In another keynote presentation, SCO Senior Vice President Chris Sontag and Mark Heise, a partner at Boies, Schiller & Flexner LLP, the primary law firm representing SCO, presented what they claimed was proof that SCO clearly owned all the intellectual property, copyrights and trademarks for Unix. Presenting what he claimed was a literal copyright infringement in Linux of Unix code, Sontag showed examples of identical registration of variables, lines of code and comments in the same sequence.Sontag noted that a copyright case law also made clear that the quantity of code is not at issue, but rather how important that code is. Turning to derivative works that have found their way into Linux, Sontag said these include NUMA (non uniform memory access), Read Copyright Update (RCU), Journal File System and schedulers. "A number of entities have violated their contracts and contributed inappropriate code to Linux. Thats how Linux has advanced so quickly and found its way into the enterprise so soon," Sontag said. "We have an improbable Linux development process. The current 2.5 kernel contains features and functionality that took years and years to be developed in Unix. With Linux weve seen it develop from a baby to a race car driver in three or four years," he said. SCO could also go after end users who are improperly using Linux for actual damages and seek an injunction to prevent further usage of the infringing material, Heise said, adding that this is playing out as the case of the century as it looked at rights, copyright and usage in this Internet and Web age. Sontag said Linux customers have several choices: stop running Linux or scale back to version 2.2; find another platform that has the appropriate licenses and usage rights; or pay SCO a licensing fee to run Linux in binary form with the appropriate IP from SCO. "We have a very strong case, we have the evidence, we have the contracts and are confident of our position and the rights to defend ourselves," Sontag said. By selling Linux itself, SCO has not assigned all of its copyright ownership to the GNU General Public License. "SCO did not put a copyright into the GPL and authorized the usage of that code in Linux," Heise said.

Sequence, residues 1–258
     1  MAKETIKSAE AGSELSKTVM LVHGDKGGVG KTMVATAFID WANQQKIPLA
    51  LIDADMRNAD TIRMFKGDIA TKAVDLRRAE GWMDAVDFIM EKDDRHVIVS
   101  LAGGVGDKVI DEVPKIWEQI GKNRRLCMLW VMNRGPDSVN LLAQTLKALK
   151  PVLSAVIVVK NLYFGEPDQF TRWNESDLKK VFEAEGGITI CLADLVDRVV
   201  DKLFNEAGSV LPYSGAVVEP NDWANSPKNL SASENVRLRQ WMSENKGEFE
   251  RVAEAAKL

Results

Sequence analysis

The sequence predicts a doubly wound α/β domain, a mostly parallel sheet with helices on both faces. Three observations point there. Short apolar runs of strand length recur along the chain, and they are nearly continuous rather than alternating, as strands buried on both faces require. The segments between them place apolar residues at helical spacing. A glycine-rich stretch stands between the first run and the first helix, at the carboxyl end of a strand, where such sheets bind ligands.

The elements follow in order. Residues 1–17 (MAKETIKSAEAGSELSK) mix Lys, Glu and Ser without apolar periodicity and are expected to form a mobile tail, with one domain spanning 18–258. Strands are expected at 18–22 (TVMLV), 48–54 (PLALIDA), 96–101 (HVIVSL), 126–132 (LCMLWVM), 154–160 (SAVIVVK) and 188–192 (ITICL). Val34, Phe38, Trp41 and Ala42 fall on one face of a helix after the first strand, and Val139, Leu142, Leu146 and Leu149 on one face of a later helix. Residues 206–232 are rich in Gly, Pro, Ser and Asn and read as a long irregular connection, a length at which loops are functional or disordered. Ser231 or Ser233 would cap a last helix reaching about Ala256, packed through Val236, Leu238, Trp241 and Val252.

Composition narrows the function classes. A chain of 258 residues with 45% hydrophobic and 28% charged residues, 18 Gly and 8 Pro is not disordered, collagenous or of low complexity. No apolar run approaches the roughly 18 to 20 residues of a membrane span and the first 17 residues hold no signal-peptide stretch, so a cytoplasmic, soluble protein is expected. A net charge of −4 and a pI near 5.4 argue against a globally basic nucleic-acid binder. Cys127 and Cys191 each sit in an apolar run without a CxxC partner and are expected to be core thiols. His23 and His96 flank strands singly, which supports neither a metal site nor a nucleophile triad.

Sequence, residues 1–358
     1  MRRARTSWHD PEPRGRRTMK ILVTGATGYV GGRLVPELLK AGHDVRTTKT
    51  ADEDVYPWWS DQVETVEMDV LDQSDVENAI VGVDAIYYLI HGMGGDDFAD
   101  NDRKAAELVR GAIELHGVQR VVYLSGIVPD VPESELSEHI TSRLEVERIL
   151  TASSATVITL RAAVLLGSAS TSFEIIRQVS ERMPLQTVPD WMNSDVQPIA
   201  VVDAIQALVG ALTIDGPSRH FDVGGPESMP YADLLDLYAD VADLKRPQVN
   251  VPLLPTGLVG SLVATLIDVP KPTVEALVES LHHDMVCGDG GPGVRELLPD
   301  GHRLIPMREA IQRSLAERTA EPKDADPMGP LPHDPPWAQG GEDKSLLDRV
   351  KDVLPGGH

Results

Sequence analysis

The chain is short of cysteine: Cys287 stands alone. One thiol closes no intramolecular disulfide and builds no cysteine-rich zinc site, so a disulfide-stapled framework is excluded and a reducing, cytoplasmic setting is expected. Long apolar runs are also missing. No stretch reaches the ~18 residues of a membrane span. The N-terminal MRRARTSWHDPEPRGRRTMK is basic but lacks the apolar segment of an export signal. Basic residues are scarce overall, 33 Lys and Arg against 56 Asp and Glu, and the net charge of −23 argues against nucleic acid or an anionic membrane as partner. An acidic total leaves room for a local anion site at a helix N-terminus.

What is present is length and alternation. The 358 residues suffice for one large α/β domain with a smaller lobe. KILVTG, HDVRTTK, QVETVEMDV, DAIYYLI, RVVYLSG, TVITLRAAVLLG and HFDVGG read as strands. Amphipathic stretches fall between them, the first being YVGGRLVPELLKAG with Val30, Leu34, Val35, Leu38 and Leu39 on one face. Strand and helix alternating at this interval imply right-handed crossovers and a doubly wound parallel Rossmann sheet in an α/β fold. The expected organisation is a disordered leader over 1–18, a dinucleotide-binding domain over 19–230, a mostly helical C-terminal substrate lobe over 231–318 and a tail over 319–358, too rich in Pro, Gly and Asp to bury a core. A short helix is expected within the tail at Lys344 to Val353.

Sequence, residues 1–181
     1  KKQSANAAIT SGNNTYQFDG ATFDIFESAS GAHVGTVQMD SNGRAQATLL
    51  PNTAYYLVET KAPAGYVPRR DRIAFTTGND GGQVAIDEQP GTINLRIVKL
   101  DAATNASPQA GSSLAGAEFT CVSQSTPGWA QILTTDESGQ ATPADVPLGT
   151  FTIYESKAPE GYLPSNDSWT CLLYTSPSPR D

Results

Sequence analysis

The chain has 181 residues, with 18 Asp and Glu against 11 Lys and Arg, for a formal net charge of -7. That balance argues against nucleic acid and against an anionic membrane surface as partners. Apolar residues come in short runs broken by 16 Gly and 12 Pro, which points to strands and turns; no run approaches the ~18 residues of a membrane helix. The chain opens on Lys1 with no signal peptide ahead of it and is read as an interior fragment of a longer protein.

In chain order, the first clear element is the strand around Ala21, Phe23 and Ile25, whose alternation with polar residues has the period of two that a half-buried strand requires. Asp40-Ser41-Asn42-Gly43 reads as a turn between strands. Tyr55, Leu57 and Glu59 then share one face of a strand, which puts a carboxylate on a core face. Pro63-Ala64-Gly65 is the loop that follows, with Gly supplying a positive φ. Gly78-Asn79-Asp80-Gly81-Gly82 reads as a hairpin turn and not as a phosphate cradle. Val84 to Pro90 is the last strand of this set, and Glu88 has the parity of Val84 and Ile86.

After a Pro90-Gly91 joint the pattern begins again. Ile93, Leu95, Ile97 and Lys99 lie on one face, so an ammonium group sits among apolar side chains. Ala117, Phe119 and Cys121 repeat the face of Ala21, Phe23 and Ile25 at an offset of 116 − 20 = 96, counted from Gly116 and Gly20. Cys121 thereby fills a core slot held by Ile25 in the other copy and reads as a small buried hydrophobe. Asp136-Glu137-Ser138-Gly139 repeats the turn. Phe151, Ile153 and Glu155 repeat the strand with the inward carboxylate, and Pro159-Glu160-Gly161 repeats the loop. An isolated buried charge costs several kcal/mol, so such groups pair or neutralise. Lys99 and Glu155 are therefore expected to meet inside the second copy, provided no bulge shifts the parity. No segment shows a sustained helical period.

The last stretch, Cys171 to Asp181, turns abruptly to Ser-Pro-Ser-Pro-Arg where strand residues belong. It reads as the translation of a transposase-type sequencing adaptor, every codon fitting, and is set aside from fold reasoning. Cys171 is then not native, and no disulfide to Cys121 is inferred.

In terms of obfuscating code, Sontag said SCO has gone through millions of lines of code and developed methods to find similarities. "We have rocket scientists who have applied their spectral recognition and pattern analysis to software, which has yielded amazing results. We have found needles in the Mount Everest-sized haystack," Sontag said.